RBC Market Update - Week ending December 1, 2023

December 01, 2023 | Vito Finucci


We discuss the Canadian banks which all reported results this week.

The month of November finished on a high note, marking one of the best months this year for global equity and fixed income markets. This strength reflects growing confidence that inflationary pressures are easing, central banks are largely finished with their rate hikes, and economic growth is moderating in an orderly fashion, even in the face of tight financial conditions. This week, we shift our focus to the Canadian banks, all of which recently reported quarterly results. We share our takeaways below.

Throughout the year, expectations for the Canadian banking sector have been overwhelmingly negative. That helps to explain the group’s lackluster stock performance year-to-date. The anticipated turn in the credit cycle is a key factor, with a growing number of households and businesses expected to struggle with debt repayments as a result of higher interest rates.

This quarter’s bank earnings suggest credit trends are deteriorating, evidenced by delinquencies rising across various loan categories, including automotive loans and credit cards. Banks also made sizeable additions to their provisions for future credit losses as they continue to prepare for challenges that may lie ahead. However, the turn in the credit cycle has been gradual compared to some investors’ expectations, suggesting consumers and businesses have, on average, weathered higher interest rates as well as can be expected so far.

Elsewhere, the banks face the ongoing challenge of expenses that are outpacing revenues. While banks have benefitted from higher interest rates, new customers and deposits, and growth in credit card balances, these gains have been offset by higher expenses related to things like staffing, regulation and technology. In response, a number of banks initiated restructuring efforts aimed at long-term cost savings, incurring charges related to these actions this past quarter that should prove to be temporary in nature.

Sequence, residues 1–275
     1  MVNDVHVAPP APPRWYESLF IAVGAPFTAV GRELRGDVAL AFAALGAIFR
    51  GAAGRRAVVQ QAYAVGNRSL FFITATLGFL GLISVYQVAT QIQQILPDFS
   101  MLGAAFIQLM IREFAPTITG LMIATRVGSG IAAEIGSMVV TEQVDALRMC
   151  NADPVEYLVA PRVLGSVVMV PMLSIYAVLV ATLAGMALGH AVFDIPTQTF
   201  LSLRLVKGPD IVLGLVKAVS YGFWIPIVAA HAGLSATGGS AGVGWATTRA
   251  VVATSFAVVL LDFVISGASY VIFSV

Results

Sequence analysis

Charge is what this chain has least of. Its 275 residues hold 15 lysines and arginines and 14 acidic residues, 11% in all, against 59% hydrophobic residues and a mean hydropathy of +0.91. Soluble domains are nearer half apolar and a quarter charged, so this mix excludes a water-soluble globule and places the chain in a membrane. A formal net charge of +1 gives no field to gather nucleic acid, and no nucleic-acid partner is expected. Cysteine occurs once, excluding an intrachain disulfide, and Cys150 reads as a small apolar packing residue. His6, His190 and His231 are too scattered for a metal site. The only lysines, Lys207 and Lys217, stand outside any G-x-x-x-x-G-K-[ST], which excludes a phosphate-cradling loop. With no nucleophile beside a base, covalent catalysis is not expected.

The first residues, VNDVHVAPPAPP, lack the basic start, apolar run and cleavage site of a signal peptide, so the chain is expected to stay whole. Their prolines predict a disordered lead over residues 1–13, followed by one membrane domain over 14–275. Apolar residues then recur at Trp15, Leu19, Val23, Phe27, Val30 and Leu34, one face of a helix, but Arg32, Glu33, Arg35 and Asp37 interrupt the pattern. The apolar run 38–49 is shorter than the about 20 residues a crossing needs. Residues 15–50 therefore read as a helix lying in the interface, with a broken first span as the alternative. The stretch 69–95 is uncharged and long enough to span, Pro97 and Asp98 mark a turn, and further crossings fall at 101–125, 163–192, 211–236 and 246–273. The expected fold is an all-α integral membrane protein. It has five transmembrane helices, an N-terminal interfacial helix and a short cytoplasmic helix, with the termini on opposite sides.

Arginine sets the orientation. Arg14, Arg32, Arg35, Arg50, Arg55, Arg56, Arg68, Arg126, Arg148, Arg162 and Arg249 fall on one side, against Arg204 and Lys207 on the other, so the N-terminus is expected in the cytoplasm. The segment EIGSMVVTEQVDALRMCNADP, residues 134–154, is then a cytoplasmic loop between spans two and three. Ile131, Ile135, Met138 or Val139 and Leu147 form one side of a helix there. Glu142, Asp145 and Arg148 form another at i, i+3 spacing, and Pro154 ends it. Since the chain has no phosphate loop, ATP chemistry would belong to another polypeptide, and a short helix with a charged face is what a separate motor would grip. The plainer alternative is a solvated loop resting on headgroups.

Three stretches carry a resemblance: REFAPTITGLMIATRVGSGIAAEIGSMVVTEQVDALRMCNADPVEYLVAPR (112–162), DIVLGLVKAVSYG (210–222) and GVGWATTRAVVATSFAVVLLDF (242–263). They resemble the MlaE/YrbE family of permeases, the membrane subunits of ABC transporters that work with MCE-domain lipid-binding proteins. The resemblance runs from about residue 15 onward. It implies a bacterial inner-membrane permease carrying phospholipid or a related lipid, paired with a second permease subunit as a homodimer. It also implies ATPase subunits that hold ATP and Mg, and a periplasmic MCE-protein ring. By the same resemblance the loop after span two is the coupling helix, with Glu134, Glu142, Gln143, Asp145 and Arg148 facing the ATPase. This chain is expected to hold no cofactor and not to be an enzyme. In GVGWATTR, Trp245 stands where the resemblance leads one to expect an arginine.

Commentary from management teams painted a picture of reserved optimism. Banks are bracing for a continued deceleration in growth as higher interest rates continue to work their way through the economy. Management teams acknowledged the wave of mortgage refinancings that are expected to intensify over the next few years. But, some also suggested it may not be as painful should interest rates decline over the next few years as the market expects. Regardless, the banks believe they are prepared to weather the storm as they have bolstered their balance sheets by allocating increasing amounts of capital to their reserves. They have also started to make progress towards containing costs, which should strengthen future profitability.

Overall, we see the bank results as neither concerning nor inspiring. The results weren’t as dire as some anticipated and banks have demonstrated a level of prudence as they prepare for a range of economic scenarios that could develop. Pressures are indeed likely to mount with an increasing number of customers facing higher costs of living. Nevertheless, these headwinds are reflected to some degree in the valuations of the bank stocks, which sit near historical lows.

In our view, the banks reflect the broader economic issues that exist in Canada. Namely, growth is sluggish, but not terrible. Higher interest rates are having an impact but there are limited signs of significant stress at this time. We continue to be patient and vigilant with the Canadian equity allocation of portfolios as we navigate through a challenging but manageable outlook for our domestic economy.

Should you have any questions, please feel free to reach out.